"I Wouldn't Wish Living Here on Anyone"

Writer KIA GREGORY, a native of North Philadelphia, pleads with visiting members of the NAACP to help stop the killing of our children.

By Kia Gregory
Add Comment Add Comment | Comments: 4 | Posted Jul. 7, 2004

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The morning after Faheem was killed, I sat at a Germantown train station reading the Philadelphia Daily News, our city's daily tabloid newspaper. Printed across the front page was the headline "SHAME ON THIS CITY!"

The story inside told about the little boy named Faheem who'd been shot on his way to school.

Faheem lived about a block from where I went to high school. He was shot in the same neighborhood where I used to go to visit one of my friends. As I read the accounts in the Daily News, I remember thinking two things: This isn't happening. This can't be happening.

Faheem's story resonated with me in a very personal way. I grew up in North Philadelphia in the '80s, during a time when violent crime in this city was thought to be at its peak. I assumed those frightening days were long gone, that we'd moved on.

Now this.

It seems that despite all our best efforts to revitalize our communities, we'd somehow traveled back to the time when drug gangs warred on our streets and gunshots kept us awake at night.

I said a prayer for Faheem and his family.

He died four days later.


For a while the wanton brutality of Faheem's murder made him our city's poster child for violence against youth.

He took the place of 3-year-old Porchia Bennett, who died last year after her aunt's boyfriend beat her and stuffed her between a wall and the bed, where she suffocated. Before that, our poster child was Marcus Yates, a 5-year-old shot and killed 16 years ago in a candy store.

The schoolyard gate where Faheem was shot quickly became a makeshift memorial of stuffed animals, flowers and cards.

More than 2,500 people--politicians, religious leaders, community activists, teachers, students, neighbors and strangers--attended Faheem's funeral, where he lay in a pearl gray casket, surrounded by flowers.

A gray skullcap covered his head, barely masking the long scar on his cheek. His once slender face, embedded in our hearts and minds from the extensive news coverage, was now puffy and swollen.

He was dressed like a kid, in a gray long-sleeve T-shirt, blue jeans and Timberland boots.

A bicycle covered in carnations sat next to his coffin.

The nearly five-hour service was moving, exhausting and surreal.

I thought about my husband's 9-year-old son. I've known this boy since he was in diapers. He's tall and handsome, smart and independent, thoughtful, shy and silly, just like his father. He loves to draw, and is quite good at sketching his favorite cartoon characters, which he proudly shows me and then hangs in his room.

I tell him that one day he'll be a famous artist.

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Comments 1 - 4 of 4
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1. JIM said... on Dec 26, 2008 at 05:24PM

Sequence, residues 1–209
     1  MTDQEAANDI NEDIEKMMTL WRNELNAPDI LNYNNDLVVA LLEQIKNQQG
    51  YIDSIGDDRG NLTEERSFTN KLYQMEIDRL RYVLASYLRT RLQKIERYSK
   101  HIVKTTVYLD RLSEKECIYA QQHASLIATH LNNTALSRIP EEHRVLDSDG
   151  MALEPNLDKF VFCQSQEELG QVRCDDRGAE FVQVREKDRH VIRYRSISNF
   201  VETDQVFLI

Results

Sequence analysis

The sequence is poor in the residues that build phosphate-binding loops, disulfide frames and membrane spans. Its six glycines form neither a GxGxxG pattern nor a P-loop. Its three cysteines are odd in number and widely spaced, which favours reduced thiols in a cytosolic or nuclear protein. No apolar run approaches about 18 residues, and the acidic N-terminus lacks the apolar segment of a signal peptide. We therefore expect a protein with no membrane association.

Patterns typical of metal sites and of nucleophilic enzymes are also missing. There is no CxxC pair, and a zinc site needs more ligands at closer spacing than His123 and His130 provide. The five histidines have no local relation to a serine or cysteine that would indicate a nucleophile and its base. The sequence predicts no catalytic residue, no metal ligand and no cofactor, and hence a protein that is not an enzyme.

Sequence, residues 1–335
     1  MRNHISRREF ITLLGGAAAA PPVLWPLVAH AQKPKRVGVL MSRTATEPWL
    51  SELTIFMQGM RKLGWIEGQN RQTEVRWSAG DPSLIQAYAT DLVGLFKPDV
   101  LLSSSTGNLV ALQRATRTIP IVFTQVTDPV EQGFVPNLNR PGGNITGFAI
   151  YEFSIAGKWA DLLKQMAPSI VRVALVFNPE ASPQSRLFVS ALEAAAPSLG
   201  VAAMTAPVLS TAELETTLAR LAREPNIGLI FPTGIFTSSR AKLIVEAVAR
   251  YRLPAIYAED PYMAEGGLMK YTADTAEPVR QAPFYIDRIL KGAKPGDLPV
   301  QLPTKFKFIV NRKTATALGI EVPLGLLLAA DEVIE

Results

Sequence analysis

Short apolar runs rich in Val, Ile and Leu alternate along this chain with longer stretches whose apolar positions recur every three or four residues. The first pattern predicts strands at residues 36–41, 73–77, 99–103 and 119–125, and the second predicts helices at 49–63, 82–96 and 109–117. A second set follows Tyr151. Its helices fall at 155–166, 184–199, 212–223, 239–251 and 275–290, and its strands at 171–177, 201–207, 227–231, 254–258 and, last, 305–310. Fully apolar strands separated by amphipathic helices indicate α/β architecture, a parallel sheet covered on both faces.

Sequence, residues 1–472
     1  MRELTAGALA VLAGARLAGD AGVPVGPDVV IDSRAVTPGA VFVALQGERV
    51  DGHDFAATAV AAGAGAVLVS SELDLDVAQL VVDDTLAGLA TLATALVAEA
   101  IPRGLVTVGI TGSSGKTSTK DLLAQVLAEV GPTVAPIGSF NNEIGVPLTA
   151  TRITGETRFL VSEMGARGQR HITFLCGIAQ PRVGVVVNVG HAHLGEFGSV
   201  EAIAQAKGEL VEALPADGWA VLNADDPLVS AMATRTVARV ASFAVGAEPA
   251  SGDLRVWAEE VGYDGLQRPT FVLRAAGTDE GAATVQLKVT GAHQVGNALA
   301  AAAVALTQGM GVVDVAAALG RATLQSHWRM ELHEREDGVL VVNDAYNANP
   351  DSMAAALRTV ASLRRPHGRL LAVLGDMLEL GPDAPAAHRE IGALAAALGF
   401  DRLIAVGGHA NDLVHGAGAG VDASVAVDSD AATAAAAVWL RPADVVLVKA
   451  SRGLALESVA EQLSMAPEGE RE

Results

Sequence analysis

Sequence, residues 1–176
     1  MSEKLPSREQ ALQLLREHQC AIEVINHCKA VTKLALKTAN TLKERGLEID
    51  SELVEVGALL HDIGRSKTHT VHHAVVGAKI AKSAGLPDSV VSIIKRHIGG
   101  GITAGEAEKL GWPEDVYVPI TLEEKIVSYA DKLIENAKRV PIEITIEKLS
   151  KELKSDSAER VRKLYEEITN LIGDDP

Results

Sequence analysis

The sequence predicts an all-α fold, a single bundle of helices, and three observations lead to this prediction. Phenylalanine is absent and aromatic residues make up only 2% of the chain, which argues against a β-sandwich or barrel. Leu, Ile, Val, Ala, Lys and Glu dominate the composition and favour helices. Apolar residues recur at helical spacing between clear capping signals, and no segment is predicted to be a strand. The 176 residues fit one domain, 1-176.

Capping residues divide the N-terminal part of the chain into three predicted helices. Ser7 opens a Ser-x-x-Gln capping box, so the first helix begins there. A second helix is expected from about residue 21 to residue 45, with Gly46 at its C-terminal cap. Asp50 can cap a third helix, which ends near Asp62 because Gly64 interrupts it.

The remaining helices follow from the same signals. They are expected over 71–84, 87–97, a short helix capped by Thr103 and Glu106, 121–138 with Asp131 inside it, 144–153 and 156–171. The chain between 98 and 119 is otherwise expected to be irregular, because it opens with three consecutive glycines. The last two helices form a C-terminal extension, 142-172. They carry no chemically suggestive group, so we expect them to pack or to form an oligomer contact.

“HEY MY NAME IS JIM I LIVE IN SAN FRANCISCO NOW BUT THAT WAS A VERY SAD DAY FOR ME WHEN I LIVED IN SOUTHWEST PHILLY. I SAW THAT LITTLE BOY LAYING IN THAT STORE .AND THERE WAS ANOTHER BOY SHOT SITTING BY A TREE ON 60TH ST I THINK HE WAS SHOT IN THE BUTTOX. WHAT MADE ME STOP WAS A LADDY SCREAMING AT ATHE STORE DOORWAY SHE ASKED ME IS HE DEAD I SAID I THINK SO. I THINK SHE WAS THE GRAND MOTHER. I WAS NO MORE GOOD THE REST OF THAT MONTH THAT MADE ME VERY ANGRY. MT BOYS WERE ABOUT MARCUS YATES AGE AT THAT TIME. ONE OF MT BOYS GOT CAUGHT IN A SHOOTOUT AT THE SALT AND PEPPER DELI ABOUT A YEAR AFTER MARCUS,A MAN IN THE STORE JUMPED ON TOP OF MY SON TO KEEP HIM FROM GETTING SHOT.I STILL LOVE PHILLY AND VISIT EVERY YEAR BUTT I COULD NOT LIVE THERE ANY MORE . IT IS STILL DANGEROUS IN PHILLY.”

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2. Malcolm Yates said... on Mar 25, 2010 at 09:32AM

“Jim,

I was that boy on the tree.. email me sometimes
mjy12@hotmail.com”

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3. Rochelle Yates said... on Nov 3, 2011 at 05:18AM

“I am Marcus' mother: please email me at psalms27rw@yahoo.com. I need closure because I was at work at the time. I know you can answer many of my questions.”

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4. Anonymous said... on Feb 6, 2014 at 07:24PM

“HI MISS YATES. ME AND MY SISTER USE TO PLAY WITH YOUR SON ON 60TH AND TRINITY ST. THAT SAME MY SISTER WAS TOLD TO STAY IN THE HOUSE BECAUSE WE HAD HOUSE WORK TO DO. BUT MY SISTER DID NOT LISTEN. JUST BEFORE THE SHOOTING. MY SISTER AND YOUR SON WAS GOING TO THAT STORE TOGETHER TO PLAY THE GAMES AND GET SOME CANDY. MY MOTHER TOLD HER NO SO SHE DID NOT GO. YOUR SON COULD NOT WAIT NO LONGER SO HE WHEN ON. TELL THIS DAY I WISH MY MOTHER WOULD HAVE TOLD HIM TO STAY AND WAIT. WHEN WE HEARD THE GUN SHOOTS ECHO FROM AFAR. ALL I COULD DO WAS PRAY. MY MOTHER RAN AROUND THE CORNER TO SEE WHAT HAD HAPPEN. THEN I FOLLOWED. GOT PASS THE SUPERMARKET. MY YOUNGER SISTER WAS COMING OUT OF THE SUPERMARKET. AND I LOOKED DOWN THE STREET ON TO THE STORE. AND OMG ALL COULD THANK OF AND SAY TO MY MOM MARCUS WENT TO THAT STORE. MISS YATES I AM NOW 36 YEARS OLD AS OF TODAY I HUGE MY KIDS AND TELL THEM I LOVE THEM. WHAT I SEEN ON THAT DAY STEAL HURTS MY HEART AS WE SPEAK. I WAS THANKING ABOUT HIM IN YOU.”

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